“We’ve worked smoothly with the Marines during this exercise. They are our main counterparts,” said Construction Mechanic First Class Mark Paystrup, with Beach Master Unit 2, Battalion Cargo Group 10. “Because we work with them often, we are familiar with each other’s roles. What is more of an adjustment, is working with the Army. It is always good to practice that interoperability between the Services.”
The Navy-Marine Corps team works together all over the world, regulatory conducting beach landing operations together. The Army only has a few ship-to-shore assets, and sailors and Marines make sure to capitalize on training with soldiers to improve functionality between them.
“What we are doing today is exactly how we’re going to fight when we need too,” said Lt. Col Jonathan Baker, the Commanding Officer of 2nd TSB. “We’ll never go to war alone. We’ll go as a coalition. It’s important to understand how to do this jointly.”
Another benefit to the joint training environment is the ability to stay fiscally responsible while conducting such a large exercise. Working together with the Army and Navy, the price can be spread out amongst the branches, with each unit only being held responsible for paying for the gear and supplies they need.
U.S. Marines with 2nd Transportation Support Battalion, Combat Logistics Battalion 2, 2nd Marine Logistics Group, load an M970 semitrailer refueling truck onto the USNS Watkins during an on load port operation during exercise Resolute Sun at Joint Base Charleston, South Carolina, June 12, 2019.
(U.S. Marine Corps photo by Lance Cpl. Scott Jenkins)
“Doing a joint training exercise such as this one, allows for all branches to get connected and get the same amount of training,” said Baker. “This is training that they have to do, so if we can get connected to that, it provides us with cost-saving opportunity and unique training situations that we would normally get through warfare.”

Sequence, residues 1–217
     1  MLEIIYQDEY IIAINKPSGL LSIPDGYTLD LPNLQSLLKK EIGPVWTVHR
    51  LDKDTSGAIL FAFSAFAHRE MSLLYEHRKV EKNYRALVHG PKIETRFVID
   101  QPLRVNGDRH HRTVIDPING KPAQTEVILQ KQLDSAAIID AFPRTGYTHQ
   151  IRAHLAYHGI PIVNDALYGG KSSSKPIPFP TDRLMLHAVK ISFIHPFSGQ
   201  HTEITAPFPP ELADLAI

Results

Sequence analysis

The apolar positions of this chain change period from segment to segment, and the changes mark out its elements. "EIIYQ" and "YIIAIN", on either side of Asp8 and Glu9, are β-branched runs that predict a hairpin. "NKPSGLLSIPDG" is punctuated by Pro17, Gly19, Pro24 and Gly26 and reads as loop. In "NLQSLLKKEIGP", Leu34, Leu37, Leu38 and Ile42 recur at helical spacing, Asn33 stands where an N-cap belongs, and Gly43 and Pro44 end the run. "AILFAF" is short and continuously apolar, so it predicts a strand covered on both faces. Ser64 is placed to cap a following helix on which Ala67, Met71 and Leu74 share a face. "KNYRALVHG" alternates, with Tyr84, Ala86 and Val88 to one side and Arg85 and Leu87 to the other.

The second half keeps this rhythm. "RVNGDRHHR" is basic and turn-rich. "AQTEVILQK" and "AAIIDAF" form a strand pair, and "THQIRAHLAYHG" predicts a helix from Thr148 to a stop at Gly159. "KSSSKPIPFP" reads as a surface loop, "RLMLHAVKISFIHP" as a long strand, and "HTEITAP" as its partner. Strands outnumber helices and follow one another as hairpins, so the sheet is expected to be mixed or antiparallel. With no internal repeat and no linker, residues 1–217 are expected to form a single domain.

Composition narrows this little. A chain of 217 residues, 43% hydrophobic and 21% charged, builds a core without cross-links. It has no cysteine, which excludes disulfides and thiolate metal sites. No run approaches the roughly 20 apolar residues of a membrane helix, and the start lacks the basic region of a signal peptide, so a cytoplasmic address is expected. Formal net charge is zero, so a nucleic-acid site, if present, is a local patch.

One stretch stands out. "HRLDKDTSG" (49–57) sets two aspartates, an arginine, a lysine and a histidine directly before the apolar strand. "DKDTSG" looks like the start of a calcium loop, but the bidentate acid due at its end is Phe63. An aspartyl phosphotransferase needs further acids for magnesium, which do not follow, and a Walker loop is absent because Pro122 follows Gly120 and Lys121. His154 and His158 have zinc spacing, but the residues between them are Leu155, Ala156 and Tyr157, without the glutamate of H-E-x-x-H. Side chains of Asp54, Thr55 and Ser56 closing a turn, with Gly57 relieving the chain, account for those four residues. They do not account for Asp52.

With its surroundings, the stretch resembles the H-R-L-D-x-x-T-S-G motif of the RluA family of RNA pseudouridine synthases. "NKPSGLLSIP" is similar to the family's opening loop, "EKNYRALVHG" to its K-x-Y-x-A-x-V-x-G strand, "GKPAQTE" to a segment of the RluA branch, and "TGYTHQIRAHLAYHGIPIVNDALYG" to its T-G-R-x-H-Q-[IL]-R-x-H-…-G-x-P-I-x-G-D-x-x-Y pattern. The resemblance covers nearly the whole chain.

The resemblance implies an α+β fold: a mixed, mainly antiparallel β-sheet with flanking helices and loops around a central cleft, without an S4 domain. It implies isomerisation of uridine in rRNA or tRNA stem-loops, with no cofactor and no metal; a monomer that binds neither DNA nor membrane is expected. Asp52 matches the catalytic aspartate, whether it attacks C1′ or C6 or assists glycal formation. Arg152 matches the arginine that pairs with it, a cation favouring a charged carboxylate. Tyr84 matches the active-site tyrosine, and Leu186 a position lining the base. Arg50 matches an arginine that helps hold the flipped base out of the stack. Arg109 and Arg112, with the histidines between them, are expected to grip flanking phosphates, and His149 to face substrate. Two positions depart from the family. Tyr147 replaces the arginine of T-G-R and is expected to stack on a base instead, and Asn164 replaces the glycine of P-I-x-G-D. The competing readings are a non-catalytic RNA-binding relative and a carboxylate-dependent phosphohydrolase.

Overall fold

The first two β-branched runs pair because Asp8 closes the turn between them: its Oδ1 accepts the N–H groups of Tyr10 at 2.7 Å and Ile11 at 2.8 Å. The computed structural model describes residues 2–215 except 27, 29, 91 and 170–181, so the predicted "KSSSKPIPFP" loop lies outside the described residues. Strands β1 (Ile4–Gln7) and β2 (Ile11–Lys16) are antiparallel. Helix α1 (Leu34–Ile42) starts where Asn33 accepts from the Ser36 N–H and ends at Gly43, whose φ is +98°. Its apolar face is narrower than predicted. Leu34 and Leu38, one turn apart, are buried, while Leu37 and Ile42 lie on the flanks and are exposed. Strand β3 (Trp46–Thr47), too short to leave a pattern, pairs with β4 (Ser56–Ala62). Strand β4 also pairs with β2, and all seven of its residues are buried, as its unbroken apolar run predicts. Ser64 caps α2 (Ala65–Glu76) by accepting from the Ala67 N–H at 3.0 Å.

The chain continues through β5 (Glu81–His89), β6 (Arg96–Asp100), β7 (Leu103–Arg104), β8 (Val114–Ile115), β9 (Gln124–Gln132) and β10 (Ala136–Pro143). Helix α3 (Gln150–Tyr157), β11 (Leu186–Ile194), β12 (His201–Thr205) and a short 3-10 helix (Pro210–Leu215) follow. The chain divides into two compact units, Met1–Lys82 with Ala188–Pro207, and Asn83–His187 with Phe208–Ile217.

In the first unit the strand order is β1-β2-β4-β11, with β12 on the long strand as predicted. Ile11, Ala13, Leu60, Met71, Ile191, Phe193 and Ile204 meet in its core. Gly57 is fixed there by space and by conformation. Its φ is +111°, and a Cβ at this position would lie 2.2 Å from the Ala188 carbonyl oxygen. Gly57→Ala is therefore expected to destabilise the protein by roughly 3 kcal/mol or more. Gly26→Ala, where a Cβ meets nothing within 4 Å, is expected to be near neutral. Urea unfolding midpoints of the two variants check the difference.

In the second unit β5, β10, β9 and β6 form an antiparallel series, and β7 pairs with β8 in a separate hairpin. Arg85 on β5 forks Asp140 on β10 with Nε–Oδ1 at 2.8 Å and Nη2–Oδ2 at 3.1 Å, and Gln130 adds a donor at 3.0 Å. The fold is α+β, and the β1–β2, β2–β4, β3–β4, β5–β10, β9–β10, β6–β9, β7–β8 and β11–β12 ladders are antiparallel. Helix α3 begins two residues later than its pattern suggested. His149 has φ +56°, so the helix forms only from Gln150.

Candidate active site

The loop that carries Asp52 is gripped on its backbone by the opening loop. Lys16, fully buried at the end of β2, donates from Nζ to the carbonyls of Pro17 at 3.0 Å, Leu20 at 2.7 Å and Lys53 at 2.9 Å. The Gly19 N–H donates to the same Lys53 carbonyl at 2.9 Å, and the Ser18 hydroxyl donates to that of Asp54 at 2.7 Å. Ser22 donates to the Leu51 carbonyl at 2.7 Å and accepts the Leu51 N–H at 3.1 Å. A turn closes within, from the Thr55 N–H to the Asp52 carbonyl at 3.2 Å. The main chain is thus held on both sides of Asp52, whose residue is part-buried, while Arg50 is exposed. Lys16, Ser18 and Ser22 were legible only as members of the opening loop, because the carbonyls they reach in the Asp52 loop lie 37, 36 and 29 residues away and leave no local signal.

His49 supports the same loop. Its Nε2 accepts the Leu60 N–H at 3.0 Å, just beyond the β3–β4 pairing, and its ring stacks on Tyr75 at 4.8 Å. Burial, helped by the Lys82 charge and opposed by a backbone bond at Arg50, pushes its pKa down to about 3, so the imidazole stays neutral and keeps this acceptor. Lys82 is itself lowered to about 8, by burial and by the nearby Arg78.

All 38 vehicles from 2nd TSB were able to be offloaded and redeployed via convoy 220 miles back to Marine Corps Base Camp Lejeune, N.C. within two days of the USNS Watkins arriving in Virginia.
“It takes a lot of individual actions to make something like this happen. That’s the individual Marine knowing his job and doing it effectively,” said Capt. Bryan Hassett, company commander of Alpha Company, 2nd TSB. “109 Marines worked together seamlessly as a unit to accomplish the mission, and that is something that needs to happen every time we go out, no matter where we are anywhere in the world.”
This article originally appeared on Marines. Follow @USMC on Twitter.
Pan flute music like an old-time kung fu movie drifts serenely through the recreation room of the Milwaukee VA’s Spinal Cord Injury Center. Zibin Guo talks of swaying breezes, mountain streams, and the peaceful but powerful force of nature.
“Still… like a mountain,” he says. “Flow… like water.”
The group follows his every move from their chairs, pivoting wheels as he turns on foot. This new twist on an ancient martial art, Guo says, will play a big role in the modern-day treatment of pain and post-traumatic stress, even cutting down on opioids and other painkillers.
The three-day wheelchair tai chi seminar for health care workers from the Milwaukee and Madison VA Medical Centers; Appleton, Wisconsin, Clinic; and community hospitals, is part of Guo’s nationwide tour to teach more instructors, collect data and prove tai chi works.
Guo, a medical anthropologist from the University of Tennessee-Chattanooga, has received more than 0,000 from the Adaptive Sports Grant Program, and has already traveled to 24 VA medical centers. He hopes to get to 24 more by next year.
The grant program, managed by the National Veterans Sports Program and Special Events Office, provides million annually to support studies and adaptive sports for disabled veterans. Guo said his goal is to promote a way to rethink western rehabilitative medicine, based on bodily functions of eastern philosophy.
“There is a mental clarity that comes from tai chi, which then creates physical benefits for the whole body,” he said.